The App Generation by Howard Gardner and Katie Davis is a short book that packs a lot into those pages. Gardner is the Harvard graduate education school professor famous for identifying the multiple forms of education, specifically beyond linguistics (valued pre-19th century generally) and logical-mathematical (valued more today). He is a huge influence on my thinking and, to my mind, one of those people who can think past accepted ideologies to really forge new and important paths.
I was therefore excited to read his new book, written with co-author Katie Davis.
But I want to digress for a minute. I grew up in and out of Silicon Valley and worked in the tech industry so I do know something about apps. I also am very skeptical of their true impact and importance, viewing them more as a diversion than a central area of importance. I watch my kids and think they benefit more from technology than are harmed and I really hate reading about how these new generations are lesser from technology’s impact. They are also empowered and self educating (at least my kids are).
But when a groundbreaking Harvard professor (whom you respect) focuses on appa, even I need to take a look.
And I’ll try to be somewhat brief as I hate writing long reviews, being someone who doesn’t read them.
First, Gardner and Davis have taken on more than apps and technology and the related impact of them on today’s younger generation. This book is written in a somewhat light and conversational tone but the actual contents are groundbreaking. Apps are definitional not an encompassing term.
The authors suggest that generations will no longer define themselves by historical events but rather technologies. New generations will then potentially define themselves as separate earlier. Ideology also has a place…but the new technologies share ideologies so much faster and effectively.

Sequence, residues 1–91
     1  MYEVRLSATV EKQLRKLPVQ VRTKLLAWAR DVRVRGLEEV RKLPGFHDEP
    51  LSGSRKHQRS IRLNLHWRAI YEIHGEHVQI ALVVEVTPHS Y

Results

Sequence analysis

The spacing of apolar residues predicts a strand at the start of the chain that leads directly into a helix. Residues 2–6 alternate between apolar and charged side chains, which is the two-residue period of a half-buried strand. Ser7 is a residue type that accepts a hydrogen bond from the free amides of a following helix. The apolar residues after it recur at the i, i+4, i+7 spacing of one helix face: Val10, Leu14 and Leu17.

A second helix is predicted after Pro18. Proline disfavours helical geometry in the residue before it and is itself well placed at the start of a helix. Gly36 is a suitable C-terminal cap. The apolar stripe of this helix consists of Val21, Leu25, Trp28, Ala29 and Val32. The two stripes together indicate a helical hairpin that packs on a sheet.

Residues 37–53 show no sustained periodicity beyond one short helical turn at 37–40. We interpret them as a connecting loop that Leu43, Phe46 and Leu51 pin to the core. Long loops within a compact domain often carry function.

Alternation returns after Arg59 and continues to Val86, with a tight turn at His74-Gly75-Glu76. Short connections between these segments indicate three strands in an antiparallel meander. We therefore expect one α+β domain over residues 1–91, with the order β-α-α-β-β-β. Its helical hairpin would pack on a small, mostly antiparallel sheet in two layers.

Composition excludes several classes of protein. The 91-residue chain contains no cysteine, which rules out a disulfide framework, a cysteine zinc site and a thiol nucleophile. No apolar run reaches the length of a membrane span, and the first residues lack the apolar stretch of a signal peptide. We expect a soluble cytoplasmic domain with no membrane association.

Importantly, buried in the back, and the key point of the book, is that today’s mix of technology into education is just dumping the old media on kids in a new way. Since the educational system is so slow to change, these incremental “improvements” might actually make the system worse - but be hard to correct.
The authors then point out that the new technologies make drawing out and developing multiple types of intelligence easier. Yet those changes aren’t being implemented in education but rather in the collaborative and creation based “apps” that allow kids to make something. And kids do create in massive amounts online, then share their content (both through apps).
Are these apps limiting creativity and defining options such that they hinder rather than enable innovation? Perhaps the process is too new to identify. Gardner and Davis see both the upside and the risks inherent in the massive social and educational changes new technologies have bestowed. But they do point out that we can all continue, and indeed must continue, to educate ourselves in and out of school.
To end, this book tackles education from a new angle. I get frustrated with the pat analysis and easy solutions I read…most of which I dismiss. Education is too often reformed within the confines of what exists and ideologies which are assumed to be true but are too often just retreads of popular myths. I don’t agree with all of this book. But many of the issues it tackles and conclusions it draws are too new to be substantiated with concrete and demonstrable data. Still, someone needs to take a stand and look at the problem from new angles (it’s only the future of our children and country at stake). No better duo than Gardner and Davis.
And, some of the stories are really more anecdotal than substantive. Perhaps that compromise was to broaden the potential audience. It didn’t work for me; the book did despite that decision.
Another groundbreaking work from Howard Gardner.